Many of us have been asked at some point whether we’re an introvert or an extrovert. It’s problematic to label such complex human behaviour into two categories, since this hugely oversimplifies an individual’s personality. In fact, most people are neither completely introverted nor extroverted. In professional settings, extroverts are often seen as “stronger” leaders, while there is some skepticism around whether introverts have what it takes to manage a team. That said, there are many more management personality types that should be further explored, such as being an ambivert vs. an omnivert.
Most leaders are actually ambiverts, without even being aware of it. It’s important for anyone in a leadership position to break out of the introvert vs. extrovert box and rid themselves of the limiting beliefs that are associated with either. This article will cover what an ambivert vs. an omnivert is, outline how to identify which one you are, highlight the key differences between the two, and discuss some of the benefits of being an ambivert.
- What is an ambivert?
- Identifications of ambiverts
- What is an omnivert?
- Identification of omniverts
- The key difference between ambiverts and omniverts
- The benefits of being an ambiverted leader
What is an ambivert?
An ambivert is an individual that has a balance between introverted and extroverted behaviours and actions. As an ambivalent leader, you may be effective in commanding attention while you facilitate meetings but have the ability to pause, ask for feedback, listen to the suggestions or frustrations of others, and overall demonstrate very strong active listening skills. This type of leader has the ability to give constructive criticism, where warranted, as well as give solid recognition to team members who are performing well. Ambivalent leaders tend to thrive in and occupy executive-level positions because they know how to give their team members what they need to feel seen, heard, and supported because these leaders exhibit a good mix of introverted and extroverted qualities.
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Identifications of ambiverts
- You have strong communication skills and balance speaking and listening with a high degree of effectiveness
- You find comfort in spending time alone after a day of social interactions so you can recharge
- You find that being around a group of people that you enjoy makes you feel energized
- You are a strong mediator in that you listen to both sides and communicate your honest opinion or decision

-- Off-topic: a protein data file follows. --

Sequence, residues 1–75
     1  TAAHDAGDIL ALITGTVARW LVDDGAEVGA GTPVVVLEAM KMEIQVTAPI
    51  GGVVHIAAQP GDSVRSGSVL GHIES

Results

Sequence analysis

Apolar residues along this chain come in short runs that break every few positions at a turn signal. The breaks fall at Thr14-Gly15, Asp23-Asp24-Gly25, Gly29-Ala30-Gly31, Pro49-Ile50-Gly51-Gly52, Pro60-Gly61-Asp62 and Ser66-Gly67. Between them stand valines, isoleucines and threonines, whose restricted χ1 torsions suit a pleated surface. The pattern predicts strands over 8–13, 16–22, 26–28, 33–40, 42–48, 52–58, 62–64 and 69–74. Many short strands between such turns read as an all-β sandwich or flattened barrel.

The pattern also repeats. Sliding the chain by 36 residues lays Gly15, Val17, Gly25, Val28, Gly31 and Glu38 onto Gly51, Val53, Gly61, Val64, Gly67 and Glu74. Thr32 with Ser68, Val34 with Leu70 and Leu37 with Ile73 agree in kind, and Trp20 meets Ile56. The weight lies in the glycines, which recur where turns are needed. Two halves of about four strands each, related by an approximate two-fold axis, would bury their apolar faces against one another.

What is an omnivert?
An omnivert is someone who sometimes exhibits the qualities of a stereotypical introvert while sometimes exhibiting the qualities of an extrovert. This behaviour tends to vary based on the situation at hand. As an omnivert, an individual tends to be socially uncomfortable in certain situations, while in others, they may feel completely at ease and comfortable with the attention that is on them. Someone who is an omnivert may typically behave as an extrovert, but on some days, they may display the more common qualities of introverted individuals. Where omniverts’ behaviours and actions change based on their surroundings, ambiverts display more of a balance between being introverted and extroverted on a regular basis.
Identification of omniverts
- You feel comfortable communicating with some people, but others make you feel uncomfortable or overwhelmed
- Your social battery feels drained after a day of social interactions and you need several days to recharge
- You sometimes socialize for a few days in a row but isolate yourself afterwards for a few days
- You are ready to be highly social again after spending several days alone
- You tend to shut down and shy away when you feel overwhelmed
The key difference between ambiverts and omniverts
One key difference between ambiverts and omniverts is the way they process information. Ambiverts remain steadily between introverted and extroverted characteristics. This balance between introversion and extroversion allows ambiverted individuals to process information as they listen attentively, then speak with confidence. Contrarily, omniverts will process information depending on what kind of context or situation they find themselves in. This means that omniverts’ reactions can be unpredictable at times since they’re sometimes completely introverted and other times highly extroverted.
Ambiverts and omniverts also differ in the way they behave in social citations. In fact, the difference between the two types of personalities becomes very obvious in the way each individual socializes. If and when an omnivert is in an extroverted headspace, it is unmistakable that they are behaving as an extroverted person. Likewise, if an omnivert is in an introverted headspace, it is obvious. Busy or hectic social situations may allow an omnivert to thrive or opposingly, this could make them feel very clearly uncomfortable.